If a recipe calls for AP flour does it matter whether I use bleached or unbleached flour?
Does it effect the taste or quality of the cake?
Same question for Cake flour, bleached or unbleached.
Please clear up the mystery for me!
Answer from my culinary student daughter boils down to no difference between the two.
ALL cake flour is bleached.
Not all AP flour is bleached.
If the recipe advises the use of bleached/unbleached go with that.
For butter cakes, bleached flour is better because it holds the butter in better suspension.
(And I did a comparison test using the same pound cake recipe with unbleached and bleached flour. The results were very enlightening: the unbleached was obviously greasy in the lower section, while the bleached wasn't at all greasy looking. The unbleached also tasted slightly greasy in parts while the bleached wasn't greasy at all just uniformly moist.)
More than you ever wanted to know about flour:
I was just reading an article about "10 foods to avoid" - you know, the usual stuff, like artificial sweeteners, trans fats, etc. It included bleached flour on the list because there is so little nutritional value, and talked about how unbleached flour is the way to go.
Now I know they were talking about things like breads and other ways you might use flour, but I still thought it was funny since I have only used it for cake. Cuz all I could think was: WHO CARES if there is no nutritional value? It's cake!!
BTW there is no nutritional value in a lollipop, either.
(p.s. I have to admit, for everyday use, I only use unbleached AP flour...for nutritional purposes!)
Thank you for the info, especially regarding butter cakes.
My goal is not only to create beautiful & creative cakes but delisous ones.
I feel like I am in a maze, trying to figure out the best products to use so that I end up with a "high" quality product.
Any info on baking powder, aluminum free vs regular?
Also, where to find high quality chocolate...?
I just ran across some cake flour and the box says "unbleached".I had never seen it, so I bought it. So, I wonder what is up with it. I haven't had a chance to read the label yet. Maybe it really isn't unbleached?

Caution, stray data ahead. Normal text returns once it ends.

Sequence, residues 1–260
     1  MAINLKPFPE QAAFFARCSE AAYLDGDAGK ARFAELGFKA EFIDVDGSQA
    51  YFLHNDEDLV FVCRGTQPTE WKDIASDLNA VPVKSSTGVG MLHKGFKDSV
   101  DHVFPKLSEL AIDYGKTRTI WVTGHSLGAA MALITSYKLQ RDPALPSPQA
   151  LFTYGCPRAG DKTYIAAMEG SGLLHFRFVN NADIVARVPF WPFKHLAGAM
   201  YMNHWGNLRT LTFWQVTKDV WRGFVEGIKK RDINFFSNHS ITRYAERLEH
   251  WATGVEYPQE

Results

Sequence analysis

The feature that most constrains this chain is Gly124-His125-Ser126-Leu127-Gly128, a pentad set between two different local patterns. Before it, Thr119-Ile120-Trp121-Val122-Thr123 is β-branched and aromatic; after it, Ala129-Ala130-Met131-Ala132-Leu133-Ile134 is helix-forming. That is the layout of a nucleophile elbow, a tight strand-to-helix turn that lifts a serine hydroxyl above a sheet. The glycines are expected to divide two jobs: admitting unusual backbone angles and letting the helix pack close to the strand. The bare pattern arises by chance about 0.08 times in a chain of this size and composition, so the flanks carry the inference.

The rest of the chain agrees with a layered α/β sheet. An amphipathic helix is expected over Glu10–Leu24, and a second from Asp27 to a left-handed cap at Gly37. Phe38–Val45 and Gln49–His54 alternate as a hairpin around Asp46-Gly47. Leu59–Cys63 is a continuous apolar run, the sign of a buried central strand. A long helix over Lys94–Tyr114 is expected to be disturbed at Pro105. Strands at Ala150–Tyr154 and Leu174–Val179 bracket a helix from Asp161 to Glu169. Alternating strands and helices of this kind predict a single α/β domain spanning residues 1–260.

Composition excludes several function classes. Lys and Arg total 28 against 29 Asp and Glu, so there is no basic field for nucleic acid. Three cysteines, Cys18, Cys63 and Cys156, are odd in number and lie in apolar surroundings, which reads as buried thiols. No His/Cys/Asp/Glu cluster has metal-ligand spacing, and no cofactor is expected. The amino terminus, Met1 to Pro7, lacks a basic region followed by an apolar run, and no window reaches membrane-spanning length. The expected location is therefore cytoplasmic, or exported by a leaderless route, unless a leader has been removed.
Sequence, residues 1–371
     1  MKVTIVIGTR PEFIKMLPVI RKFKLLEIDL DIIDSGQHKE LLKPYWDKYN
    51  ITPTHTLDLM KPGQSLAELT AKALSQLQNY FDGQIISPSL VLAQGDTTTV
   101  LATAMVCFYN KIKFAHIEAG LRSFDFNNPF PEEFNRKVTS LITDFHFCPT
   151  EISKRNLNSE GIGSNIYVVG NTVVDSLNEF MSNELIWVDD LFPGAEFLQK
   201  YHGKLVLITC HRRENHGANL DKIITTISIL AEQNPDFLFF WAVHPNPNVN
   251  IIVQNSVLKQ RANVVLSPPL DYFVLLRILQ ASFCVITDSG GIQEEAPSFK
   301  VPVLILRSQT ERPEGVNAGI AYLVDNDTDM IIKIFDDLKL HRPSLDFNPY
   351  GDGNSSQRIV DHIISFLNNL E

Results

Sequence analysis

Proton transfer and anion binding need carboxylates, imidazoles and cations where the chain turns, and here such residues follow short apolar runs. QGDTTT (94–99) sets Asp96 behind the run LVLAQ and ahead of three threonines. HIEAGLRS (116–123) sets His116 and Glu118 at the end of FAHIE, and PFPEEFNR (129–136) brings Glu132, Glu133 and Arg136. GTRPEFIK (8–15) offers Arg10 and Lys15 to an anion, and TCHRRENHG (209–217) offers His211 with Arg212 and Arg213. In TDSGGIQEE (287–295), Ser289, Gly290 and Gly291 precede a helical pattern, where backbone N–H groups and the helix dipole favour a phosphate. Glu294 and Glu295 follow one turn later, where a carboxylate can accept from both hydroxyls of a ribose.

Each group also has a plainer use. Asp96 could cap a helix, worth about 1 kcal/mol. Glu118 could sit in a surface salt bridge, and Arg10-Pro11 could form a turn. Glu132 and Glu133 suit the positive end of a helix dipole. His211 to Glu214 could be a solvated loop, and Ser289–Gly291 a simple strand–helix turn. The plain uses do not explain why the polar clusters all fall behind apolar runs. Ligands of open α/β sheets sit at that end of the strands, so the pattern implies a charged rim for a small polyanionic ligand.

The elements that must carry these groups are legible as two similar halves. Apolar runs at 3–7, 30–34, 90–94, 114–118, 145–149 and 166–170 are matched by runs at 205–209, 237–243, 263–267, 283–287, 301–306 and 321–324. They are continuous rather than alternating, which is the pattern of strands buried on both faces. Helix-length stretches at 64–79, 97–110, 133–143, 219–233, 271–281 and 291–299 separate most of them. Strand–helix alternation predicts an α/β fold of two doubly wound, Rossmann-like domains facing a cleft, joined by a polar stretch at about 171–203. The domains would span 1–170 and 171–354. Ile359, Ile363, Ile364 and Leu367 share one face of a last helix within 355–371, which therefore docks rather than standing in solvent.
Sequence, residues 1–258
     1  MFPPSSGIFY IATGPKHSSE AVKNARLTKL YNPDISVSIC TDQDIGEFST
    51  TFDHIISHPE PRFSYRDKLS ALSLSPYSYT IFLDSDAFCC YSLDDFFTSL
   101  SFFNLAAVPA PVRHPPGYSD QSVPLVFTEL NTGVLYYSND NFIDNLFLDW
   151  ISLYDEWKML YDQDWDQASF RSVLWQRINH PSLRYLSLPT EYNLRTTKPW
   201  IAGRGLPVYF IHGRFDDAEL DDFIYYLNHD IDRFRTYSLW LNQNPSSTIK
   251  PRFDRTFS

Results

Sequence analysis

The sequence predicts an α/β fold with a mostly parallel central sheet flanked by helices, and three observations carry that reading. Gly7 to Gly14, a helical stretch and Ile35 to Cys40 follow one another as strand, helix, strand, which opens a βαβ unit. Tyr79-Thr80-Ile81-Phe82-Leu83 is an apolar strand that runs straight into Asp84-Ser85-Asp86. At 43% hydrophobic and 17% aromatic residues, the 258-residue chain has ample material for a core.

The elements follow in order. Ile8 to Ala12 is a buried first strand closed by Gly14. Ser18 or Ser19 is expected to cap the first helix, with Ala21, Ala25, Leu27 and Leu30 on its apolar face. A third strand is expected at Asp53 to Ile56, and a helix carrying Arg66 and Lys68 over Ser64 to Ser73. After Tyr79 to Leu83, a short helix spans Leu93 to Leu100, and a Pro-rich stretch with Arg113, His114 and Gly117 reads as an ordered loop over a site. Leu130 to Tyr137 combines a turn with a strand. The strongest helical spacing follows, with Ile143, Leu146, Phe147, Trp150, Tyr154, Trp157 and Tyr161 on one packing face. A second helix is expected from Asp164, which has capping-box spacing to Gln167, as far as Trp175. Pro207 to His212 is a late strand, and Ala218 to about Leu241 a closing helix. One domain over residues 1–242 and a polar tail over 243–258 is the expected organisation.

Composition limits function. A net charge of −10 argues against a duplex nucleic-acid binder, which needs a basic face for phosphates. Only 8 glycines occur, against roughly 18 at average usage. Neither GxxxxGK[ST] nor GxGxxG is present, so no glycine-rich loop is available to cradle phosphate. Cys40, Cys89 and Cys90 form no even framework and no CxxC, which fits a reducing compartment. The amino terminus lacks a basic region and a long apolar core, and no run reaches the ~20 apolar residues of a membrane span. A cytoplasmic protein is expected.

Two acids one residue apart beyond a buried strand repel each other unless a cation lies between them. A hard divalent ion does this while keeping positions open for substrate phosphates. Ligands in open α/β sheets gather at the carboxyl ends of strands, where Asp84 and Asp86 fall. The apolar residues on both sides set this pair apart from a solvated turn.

Once again, thank you! (I am going to stay away from lolipops!)
Thanks, JanH !
I wondered why my cakes seemed not as good when using unbleached flour. Never noticed much difference in bread or sweet rolls, but the cakes were different.
Rumford baking powder is aluminum free.
If you're asking for differing results, try this link - http://www.thefreshloaf.com/node/12997/baking-powder
JanH - that's really interesting. I exclusively use unbleached flour (for the past few years), and have not noticed a difference in the texture of my cakes, but I do notice a taste (for the better) when using unbleached. I have really sensitive taste buds, I guess (I can also taste the aluminum in baking poweder and can tell when anything's been frozen).
Anyway... just wanted to let you know that King Arthur flour now makes an unbleached cake flour.....
I love this cocoa powder http://www.culinarydistrict.com/Products/Chocolate-Candy/Cocoa-Powder-Cacao-Barry-Plein-Arome-1-kg - I get it from Surfas in the store though, so it is quite cheap for me, not having to pay shipping. I used to buy Callebaut at chocolatesource.com but the Cacao Barry is just as good, for far less $. Also in comparing prices, worldwidechocolate.com is less. Sometimes you can get good deals on Amazon.com.
More interesting info on flour:
Thanks for the info on the flour. I've always used the unbleached, seeing no real purpose for the bleaching agent to be added. I got The Cake Bible for Christmas and was surprised to see that it specifically called for bleached flour, and I always wondered why... so thanks for clearing that up, at least in regards to butter cakes.
I'm wondering if there's a way to counteract the difference in the suspending abilities... maybe a little extra flour if you're using unbleached?
Yes, it seems bleaching changes the shape of the flour particles, and that's what makes the difference in the butter cakes (not being greasy in portions).
And I conducted my experiment with Ceresota unbleached and Gold Medal bleached flours.
And I'll have to check out the info on the King Arthur unbleach cake flour.
Yes, I am also wondering about the Unbleached King Arthur Cake Flour. I have been hesitant to buy it myself.
The blurb for King Arthur's unbleached cake flour refers to it as an unbleached cake flour blend
Also included are product reviews.
Wow! Great information, everyone. I just got Rose Levy Beranbaum's "Rose's Heavenly Cakes," and she expressly calls for bleached AP flour in certain recipes (due to the roughness of the flour grains' surface, allowing them to keep the butter in suspension). I've always used unbleached (don't know why), so this was enlightening. It also explains why a cake recipe I doctored with unbleached AP flour sank in the center. (LOL)
Terrig007, I haven't used KA unbleached cake flour blend, but I have used their unbleached AP flour for cookies, and it's WONDERFUL! Especially, chocolate chip cookies.
There is a ton of great info here. I just wanted to add that everywhere I read about cakes, they say to use bleached cake flour. I can't remember the wording or the reason why. JanH has it right if I recall correctly.
I had some KA unbleached cake flour blend. I had it for so long it expired. I can't remember what I used it for the first time. But after reading all the experts say use bleached flour, I did not feel guilty for tossing the expired flour.